trump is doing well among republicans. 33% give him an a. 39% give him a b. if you're a college student, you dig those numbers. on health care, only 20% give him an a. not horrible, not great. you think the white house is still feeling pressure to act on this one? >> actually, i think the 100-day plan has been, obviously, a plan that was in place, but they've had to deal with a lot of things happening outside of their plab th -- plan that caused them to lose focus. they've accomplished quite a bit, more than i would have thought. they're behind on finding people to serve in government and getting those people nominated and confirmed. but in terms of changing the momentum in washington from the old days to the new days is happening. we're all debating about it. i'd love to get ashley and jonathan's take on this. but they've had a relatively productive, close to the end of the 100-day test period that we've all put out there for them. they're getting better grades than i thought they'd get.
>> all right. ashley and jonathan, andy teed you up there. what do you guys think? >> i think we know that, certainly, the president is very mindful of the 100-day benchmark. he tweeted the other day about, i think it was a fox news story, but 90 days and how he was doing well. he scheduled a press conference on day 98. could be talking about veterans affairs or perhaps he could give his own report card for his first 100 days. it is hard to suggest he's been a rousing success at this point. there are a number of campaign promises he's yet to fulfill. health care is a debacle. on the positive side, the successful nomination and insulation of a new supreme court justice is something that is going to not just help define his term but outlast his presidency. >> very true. >> yeah, i think it is risky to give the president any letter grade. as john said, it is certainly something he is deeply aware of. not just the letter grade but actually hitting achievement marks. he has, to aides privately,
compared himself to what president obama had done at this point. i think if he doesn't feel he's hitting the markers, you're going to see him get a bit erratic, which is never good. >> thank you, ashley. the ap is looking at the president's first 100 days, talking about sort of the president's position on global agreements. they write, that allows him to tell his base, of the pivots or flips, that he is getting a better deal than bush or obama got, and reensure the institutions it is being done with a nod and a wink, that trump doesn't mean what he says. do you agree with that? >> first of all, i do think that donald trump has been a little bit more of a marketer than he has a performer. he hasn't generated as much of the result that he promised, but he has, certainly, increased the rhetoric around what he wants to do. he's also dealt with some pretty big challenges that he didn't plan on dealing with in the 100 days.
north korea, syria, challenges with russia. he's got, you know, the iranians doing silly things. he doesn't even have his whole team in place and, yet, he is functioning better than he might have. i think he needs some help. i want congress to be a little bit more sympathetic in helping him get the people around him to do the job. that's the democrats in the senate. i want them to help get those number twos, threes and fours at the department so he has some people around him that can help implement these policies that are so important. not necessarily in the partisan sense or even the political sense, more for the national security sense. he's got a good national security team. i give high marks for general mcmaster and what he is doing at the nsa. i think that's good. we've got a lot more to do. but bottom line is, he hasn't met his obligation to govern well yet. that means to lead with, i'm going to say, motivation. so congress will want to do what he suggests. he's got to build a better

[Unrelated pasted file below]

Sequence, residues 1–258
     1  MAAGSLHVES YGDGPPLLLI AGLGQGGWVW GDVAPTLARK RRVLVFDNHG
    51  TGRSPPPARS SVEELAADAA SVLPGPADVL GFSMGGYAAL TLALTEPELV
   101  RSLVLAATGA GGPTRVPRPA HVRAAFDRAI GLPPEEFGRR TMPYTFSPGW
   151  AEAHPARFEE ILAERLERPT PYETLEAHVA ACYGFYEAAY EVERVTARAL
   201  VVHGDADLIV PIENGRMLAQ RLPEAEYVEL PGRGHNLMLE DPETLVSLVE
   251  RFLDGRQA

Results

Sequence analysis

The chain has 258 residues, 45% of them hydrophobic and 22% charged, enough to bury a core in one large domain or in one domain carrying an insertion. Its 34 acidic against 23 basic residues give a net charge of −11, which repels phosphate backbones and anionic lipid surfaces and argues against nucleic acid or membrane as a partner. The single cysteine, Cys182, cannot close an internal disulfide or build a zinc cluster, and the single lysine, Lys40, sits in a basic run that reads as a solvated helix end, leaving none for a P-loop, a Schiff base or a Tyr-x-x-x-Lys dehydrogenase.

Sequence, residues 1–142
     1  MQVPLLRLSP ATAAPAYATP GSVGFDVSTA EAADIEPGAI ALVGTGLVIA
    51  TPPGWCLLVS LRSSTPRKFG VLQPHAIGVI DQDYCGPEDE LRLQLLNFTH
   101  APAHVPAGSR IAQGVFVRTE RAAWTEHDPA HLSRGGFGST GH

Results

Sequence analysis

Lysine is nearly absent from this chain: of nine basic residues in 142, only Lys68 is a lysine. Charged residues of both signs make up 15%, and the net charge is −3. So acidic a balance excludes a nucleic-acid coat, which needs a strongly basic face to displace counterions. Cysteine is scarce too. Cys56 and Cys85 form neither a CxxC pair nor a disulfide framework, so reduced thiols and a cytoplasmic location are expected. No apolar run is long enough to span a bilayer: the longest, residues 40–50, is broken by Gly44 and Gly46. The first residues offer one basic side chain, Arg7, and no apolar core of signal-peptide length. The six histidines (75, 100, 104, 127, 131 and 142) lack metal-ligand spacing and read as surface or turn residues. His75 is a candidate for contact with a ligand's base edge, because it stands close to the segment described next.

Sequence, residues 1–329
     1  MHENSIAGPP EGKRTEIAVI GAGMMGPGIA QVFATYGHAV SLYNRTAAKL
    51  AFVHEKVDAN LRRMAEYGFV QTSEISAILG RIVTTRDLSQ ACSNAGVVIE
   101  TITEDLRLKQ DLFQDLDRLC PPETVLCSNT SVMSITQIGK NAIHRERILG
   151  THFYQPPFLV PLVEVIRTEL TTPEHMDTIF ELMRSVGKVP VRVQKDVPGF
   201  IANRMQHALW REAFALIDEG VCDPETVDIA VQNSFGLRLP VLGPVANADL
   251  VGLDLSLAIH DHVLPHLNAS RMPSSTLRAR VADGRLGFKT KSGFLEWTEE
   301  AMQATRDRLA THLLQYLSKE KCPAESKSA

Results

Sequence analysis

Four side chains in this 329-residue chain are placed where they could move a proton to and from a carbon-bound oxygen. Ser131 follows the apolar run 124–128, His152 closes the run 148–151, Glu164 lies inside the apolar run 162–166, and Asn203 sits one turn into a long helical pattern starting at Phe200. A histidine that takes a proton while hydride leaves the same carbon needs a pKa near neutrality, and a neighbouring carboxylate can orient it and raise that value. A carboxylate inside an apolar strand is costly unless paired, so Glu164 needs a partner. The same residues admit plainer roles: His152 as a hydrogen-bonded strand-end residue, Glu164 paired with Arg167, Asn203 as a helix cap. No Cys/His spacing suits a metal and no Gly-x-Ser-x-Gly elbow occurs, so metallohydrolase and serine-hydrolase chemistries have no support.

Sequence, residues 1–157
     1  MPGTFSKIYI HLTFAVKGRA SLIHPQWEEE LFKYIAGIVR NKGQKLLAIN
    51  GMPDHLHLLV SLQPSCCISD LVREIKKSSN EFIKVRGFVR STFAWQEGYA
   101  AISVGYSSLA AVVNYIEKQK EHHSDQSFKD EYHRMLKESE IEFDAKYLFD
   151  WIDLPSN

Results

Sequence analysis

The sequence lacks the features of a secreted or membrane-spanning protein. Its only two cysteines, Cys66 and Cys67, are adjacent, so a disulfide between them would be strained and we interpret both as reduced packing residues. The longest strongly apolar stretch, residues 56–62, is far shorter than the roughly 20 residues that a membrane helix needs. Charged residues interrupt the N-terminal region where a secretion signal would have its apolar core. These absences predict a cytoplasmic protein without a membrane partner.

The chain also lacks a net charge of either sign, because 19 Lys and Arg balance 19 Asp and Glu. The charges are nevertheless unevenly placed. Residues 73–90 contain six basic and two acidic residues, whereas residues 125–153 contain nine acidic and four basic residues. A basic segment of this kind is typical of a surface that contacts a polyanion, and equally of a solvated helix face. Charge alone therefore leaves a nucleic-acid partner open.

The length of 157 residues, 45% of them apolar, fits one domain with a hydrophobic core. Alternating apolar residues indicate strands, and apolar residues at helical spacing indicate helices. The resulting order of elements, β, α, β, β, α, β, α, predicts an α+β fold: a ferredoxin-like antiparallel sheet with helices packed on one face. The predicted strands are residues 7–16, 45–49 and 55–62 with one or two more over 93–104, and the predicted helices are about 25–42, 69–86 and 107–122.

partnership with paul ryan and the republicans in both the house and the senate. in terms of executive action, he's actually done a pretty good job. he's been relatively decisive. i'm not pleased with everybody he's done, but he has motivated the executive branch of government to change the way they've been doing business. >> it seems if you're going to hang accomplishments for president trump on senate democrats going along with him, you might be waiting a long time. >> well, i'm just saying, the democrats criticized donald trump, and i understand that. but they criticize him for not having people around him who will speak truth to power. confirm people around him so they'll have more voices around him. he needs more jim mattises and rex tillersons on his team. the departments and agencies have a number one but not a two, tl three, four and five, truly members of the trump team. that's up to the senate to make sure he has an executive branch of government that can live up
to the expectations that he as president has, and meet up to the expectations that congress has, part of complying with the law. >> andy card, thank you very much for joining us from up there in new england. looks gorgeous. ashley and jonathan, thank you for hanging out on set. turned out to be a sunny day here in washington. also here in washington, guess who came over for dinner last night? ted, sarah palin, kid rock, meeting with president trump and jared kushner. a sentence you never thought you'd say. nice conversation with the president in the oval office. much more when we come back. look closely. hidden in every swing, every chip, and every putt, is data that can make the difference between winning and losing. the microsoft cloud helps the pga tour turn countless points of data into insights that transform their business and will enhance the game for players and fans. the microsoft cloud turns
that does it for us. i'm headed back to the white house for the press conference later on today. i'll see you there. i will see you, ali velshi, next hour. >> nice to see you. i'm looking at this day, it is beautiful out there. this is what they put on the brochures, you know. nice to see you, hallie. catch you at the white house later on. tough talk. the trump administration is turning up the heat on iran, threatening to pull the nuclear deal. meanwhile, a new push to force north korea to the negotiating table. we'll have the latest from tehran and seoul. back in the legal limelight, this man. judge curial was attacked by donald trump on the campaign trail with a case over trump university. now, it's ab